‘Inspirational’ Ruth rewarded for helping new mothers

A GROUNDBREAKING scheme to help servicewomen cope while on maternity leave earned the Royal Navy officer behind it an inspirational award.

Surgeon Lieutenant Commander Ruth Guest was singled out for her ‘Project Rebalance’ pilot initiative at the fourth Women in Defence Awards.

The Portsmouth-based naval doctor was concerned that there were stark differences between the support civilian and military personnel receive after giving birth – and began a pilot study into the issue.

The mother-of-two felt from personal experience that there was a gap between the health care services of the MOD and the NHS – a gap servicewomen on maternity leave might fall into.

She feared servicewomen may be at increased risk of perinatal mental health issues (pregnancy and the year after delivery), due to a host of factors related to life in the forces. Should any woman fall into this gap, the likelihood of seeking and obtaining help would be small.

More than 200 personnel responded to her survey – confirming her fears and revealing that many servicewomen felt there were barriers to them seeking support, they often felt isolated, and were unaware of some of the services available to them.

All of which prompted Surg Lt Cdr Guest, currently working in a civilian doctors’ practice, to produce the ‘maternity passport’ – a simple leaflet to help servicewomen on maternity leave

•         spot the signs and symptoms of perinatal mental health issues in themselves, friends and family;

•         increase awareness of resources available;

•         increase awareness of entitlement to NHS assessments/treatment;

•         give extra information to NHS healthcare providers to help them care for military personnel.

 

At the moment it’s still a bit surreal! It has been a surprise – and an honour – and I’m hoping it shows people that service improvement is open to all.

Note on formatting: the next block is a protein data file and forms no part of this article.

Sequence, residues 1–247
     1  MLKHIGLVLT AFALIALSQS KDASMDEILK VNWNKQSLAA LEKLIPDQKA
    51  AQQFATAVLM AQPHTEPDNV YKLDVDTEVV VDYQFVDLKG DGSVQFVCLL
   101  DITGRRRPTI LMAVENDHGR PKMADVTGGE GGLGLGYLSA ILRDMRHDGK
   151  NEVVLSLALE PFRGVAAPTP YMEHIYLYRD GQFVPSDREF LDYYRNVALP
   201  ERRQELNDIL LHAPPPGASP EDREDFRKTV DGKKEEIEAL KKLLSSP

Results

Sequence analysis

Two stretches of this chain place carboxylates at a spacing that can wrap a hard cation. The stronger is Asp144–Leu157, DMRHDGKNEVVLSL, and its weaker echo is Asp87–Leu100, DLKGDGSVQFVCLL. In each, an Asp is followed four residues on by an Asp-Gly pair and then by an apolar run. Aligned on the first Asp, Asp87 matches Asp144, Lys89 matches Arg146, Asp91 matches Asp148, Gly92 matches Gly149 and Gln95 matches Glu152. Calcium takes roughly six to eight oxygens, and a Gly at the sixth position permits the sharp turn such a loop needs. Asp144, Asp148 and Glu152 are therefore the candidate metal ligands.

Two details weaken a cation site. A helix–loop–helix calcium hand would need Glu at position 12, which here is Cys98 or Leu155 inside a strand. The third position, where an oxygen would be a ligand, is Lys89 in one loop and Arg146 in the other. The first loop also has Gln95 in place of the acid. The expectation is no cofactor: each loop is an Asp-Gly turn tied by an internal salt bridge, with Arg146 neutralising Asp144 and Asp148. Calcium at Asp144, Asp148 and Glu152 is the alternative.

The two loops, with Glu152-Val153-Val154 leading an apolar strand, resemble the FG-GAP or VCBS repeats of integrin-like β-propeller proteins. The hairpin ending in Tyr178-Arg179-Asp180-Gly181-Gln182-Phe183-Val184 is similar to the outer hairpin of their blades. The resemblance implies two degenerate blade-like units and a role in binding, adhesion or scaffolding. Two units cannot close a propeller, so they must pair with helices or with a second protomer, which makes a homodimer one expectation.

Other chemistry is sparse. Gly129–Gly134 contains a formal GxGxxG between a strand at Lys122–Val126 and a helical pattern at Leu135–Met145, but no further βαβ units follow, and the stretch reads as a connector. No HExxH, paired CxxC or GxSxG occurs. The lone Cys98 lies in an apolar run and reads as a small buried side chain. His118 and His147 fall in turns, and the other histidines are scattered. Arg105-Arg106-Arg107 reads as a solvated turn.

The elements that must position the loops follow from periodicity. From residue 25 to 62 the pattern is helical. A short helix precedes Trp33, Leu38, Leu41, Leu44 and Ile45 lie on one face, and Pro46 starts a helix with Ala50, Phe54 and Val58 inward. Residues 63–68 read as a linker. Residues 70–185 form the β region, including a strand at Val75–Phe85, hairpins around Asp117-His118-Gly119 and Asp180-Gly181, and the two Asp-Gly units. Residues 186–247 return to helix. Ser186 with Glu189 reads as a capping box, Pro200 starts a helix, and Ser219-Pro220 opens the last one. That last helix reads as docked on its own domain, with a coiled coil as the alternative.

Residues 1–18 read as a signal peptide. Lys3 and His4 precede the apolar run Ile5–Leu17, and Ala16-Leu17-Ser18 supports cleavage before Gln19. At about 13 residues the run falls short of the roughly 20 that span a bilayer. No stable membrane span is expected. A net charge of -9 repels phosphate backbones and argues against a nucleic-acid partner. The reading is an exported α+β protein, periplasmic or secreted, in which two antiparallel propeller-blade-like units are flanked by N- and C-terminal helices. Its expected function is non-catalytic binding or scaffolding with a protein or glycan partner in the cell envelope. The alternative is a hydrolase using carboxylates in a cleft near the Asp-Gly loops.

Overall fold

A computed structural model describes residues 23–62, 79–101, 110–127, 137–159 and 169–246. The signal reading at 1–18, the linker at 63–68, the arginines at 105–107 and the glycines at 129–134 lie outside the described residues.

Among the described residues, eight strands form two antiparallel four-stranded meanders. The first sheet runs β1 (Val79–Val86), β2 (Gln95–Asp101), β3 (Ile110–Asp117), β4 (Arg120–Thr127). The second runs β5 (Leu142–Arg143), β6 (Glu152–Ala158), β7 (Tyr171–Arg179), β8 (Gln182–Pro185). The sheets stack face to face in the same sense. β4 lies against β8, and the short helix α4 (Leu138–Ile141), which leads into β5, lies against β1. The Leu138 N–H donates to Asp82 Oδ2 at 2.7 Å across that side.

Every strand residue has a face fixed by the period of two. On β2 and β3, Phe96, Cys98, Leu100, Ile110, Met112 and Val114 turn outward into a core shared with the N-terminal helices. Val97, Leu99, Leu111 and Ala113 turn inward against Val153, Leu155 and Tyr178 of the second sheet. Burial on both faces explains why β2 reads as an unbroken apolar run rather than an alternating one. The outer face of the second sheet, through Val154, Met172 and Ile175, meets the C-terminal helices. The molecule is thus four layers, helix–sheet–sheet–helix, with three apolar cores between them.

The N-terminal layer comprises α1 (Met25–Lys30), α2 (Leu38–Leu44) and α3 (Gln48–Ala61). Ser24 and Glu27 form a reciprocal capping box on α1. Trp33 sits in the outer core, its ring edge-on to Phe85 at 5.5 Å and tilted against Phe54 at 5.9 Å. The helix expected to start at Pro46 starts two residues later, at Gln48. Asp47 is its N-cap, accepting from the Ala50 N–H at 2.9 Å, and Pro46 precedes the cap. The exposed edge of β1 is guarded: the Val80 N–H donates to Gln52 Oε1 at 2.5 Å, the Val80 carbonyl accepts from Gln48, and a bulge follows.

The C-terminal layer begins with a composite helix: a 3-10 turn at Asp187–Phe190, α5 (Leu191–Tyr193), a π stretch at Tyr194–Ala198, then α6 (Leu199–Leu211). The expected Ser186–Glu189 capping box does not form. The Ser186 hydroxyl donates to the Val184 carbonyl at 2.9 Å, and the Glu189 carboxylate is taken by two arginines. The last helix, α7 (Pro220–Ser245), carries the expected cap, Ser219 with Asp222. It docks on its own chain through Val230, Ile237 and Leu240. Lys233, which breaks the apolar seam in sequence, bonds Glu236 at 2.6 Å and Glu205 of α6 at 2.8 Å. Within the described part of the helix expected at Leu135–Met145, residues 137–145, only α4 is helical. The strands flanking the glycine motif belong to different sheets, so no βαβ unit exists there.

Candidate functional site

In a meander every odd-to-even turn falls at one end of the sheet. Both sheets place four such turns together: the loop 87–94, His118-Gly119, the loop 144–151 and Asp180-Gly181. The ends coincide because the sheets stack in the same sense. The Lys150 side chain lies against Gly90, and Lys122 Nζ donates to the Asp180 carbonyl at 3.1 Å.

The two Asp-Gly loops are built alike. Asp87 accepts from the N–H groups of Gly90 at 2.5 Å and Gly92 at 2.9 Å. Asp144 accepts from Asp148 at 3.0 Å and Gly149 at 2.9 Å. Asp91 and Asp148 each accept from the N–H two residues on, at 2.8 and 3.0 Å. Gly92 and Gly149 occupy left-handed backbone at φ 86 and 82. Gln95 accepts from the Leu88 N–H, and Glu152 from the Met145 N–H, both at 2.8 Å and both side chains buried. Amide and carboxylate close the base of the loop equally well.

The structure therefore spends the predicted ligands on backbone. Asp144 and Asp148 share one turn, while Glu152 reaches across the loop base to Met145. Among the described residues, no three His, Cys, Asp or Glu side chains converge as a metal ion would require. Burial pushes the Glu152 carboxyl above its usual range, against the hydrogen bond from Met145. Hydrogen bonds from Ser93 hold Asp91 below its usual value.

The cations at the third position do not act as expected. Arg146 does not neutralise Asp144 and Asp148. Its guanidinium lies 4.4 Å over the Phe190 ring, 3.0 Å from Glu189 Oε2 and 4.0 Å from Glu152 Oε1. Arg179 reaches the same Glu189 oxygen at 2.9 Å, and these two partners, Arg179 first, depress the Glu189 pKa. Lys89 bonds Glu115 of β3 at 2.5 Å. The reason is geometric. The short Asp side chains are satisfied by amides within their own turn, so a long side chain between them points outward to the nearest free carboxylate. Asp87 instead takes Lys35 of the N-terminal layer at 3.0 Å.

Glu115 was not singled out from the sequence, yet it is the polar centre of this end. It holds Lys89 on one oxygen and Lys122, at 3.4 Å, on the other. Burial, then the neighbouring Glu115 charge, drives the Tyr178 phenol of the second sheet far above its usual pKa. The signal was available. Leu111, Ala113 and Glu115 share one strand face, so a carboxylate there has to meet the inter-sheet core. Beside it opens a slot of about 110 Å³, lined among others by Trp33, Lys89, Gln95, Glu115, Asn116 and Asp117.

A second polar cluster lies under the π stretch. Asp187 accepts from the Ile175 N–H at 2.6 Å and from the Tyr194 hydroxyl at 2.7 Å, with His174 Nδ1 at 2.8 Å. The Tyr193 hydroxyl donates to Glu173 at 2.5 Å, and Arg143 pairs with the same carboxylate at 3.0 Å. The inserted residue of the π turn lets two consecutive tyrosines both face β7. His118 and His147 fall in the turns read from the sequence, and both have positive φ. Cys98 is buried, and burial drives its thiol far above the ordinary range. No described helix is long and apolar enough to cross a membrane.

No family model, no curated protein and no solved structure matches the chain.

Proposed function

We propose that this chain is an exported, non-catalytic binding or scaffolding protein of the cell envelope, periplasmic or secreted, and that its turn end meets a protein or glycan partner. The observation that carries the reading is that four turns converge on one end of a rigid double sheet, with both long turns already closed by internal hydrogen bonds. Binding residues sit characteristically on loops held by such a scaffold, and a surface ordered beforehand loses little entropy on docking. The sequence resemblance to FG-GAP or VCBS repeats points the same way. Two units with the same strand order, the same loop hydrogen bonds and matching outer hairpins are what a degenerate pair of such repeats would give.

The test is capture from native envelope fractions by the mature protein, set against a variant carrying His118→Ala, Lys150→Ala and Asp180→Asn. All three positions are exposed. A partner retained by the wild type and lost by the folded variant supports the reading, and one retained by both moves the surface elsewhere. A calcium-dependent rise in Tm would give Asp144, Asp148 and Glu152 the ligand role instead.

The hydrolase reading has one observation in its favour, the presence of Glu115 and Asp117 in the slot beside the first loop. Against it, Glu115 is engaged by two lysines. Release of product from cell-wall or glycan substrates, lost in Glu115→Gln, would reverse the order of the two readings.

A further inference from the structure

Lt Cdr Guest

The ‘passport’ has been made available at medical centres at HMS Nelson and Northwood military headquarters northwest of London, with Lt Cdr Guest currently analysing the results.

But her efforts so far were deemed sufficiently worthy to take the Inspirational Award – one of ten titles contested at the annual WiD event, this year held in London’s Guildhall.

“At the moment it’s still a bit surreal! It has been a surprise – and an honour – and I’m hoping it shows people that service improvement is open to all,” Lt Cdr Guest said.

“If you have an idea of a way things can be done better, or can see a need within the service, your voice is important, and you can make a difference.
“The only limits you have are those you accept from others or you place on yourself. This is the time to push boundaries, to ask why and to challenge old ways of thinking. It is important not only to ride the momentum of change but to maintain it for those coming after us.”

More than 470 nominations were received from across the defence community – including the armed forces, MOD Civil Service, GCHQ, MI5, and defence industry. 
“Yet again, we’ve been blown away by the inspiring achievements and courage of the finalists and winners,” said Angela Owen, founder of Women in Defence UK.

“These are truly exceptional people, who deserve to be celebrated. They exemplify our watchwords for the year ‘Deeds not Words’, as rather than comment or complain, they actively work to make defence a better place for all.”

For the full list of winners, see: https://www.womenindefenceuk.com/awards-2019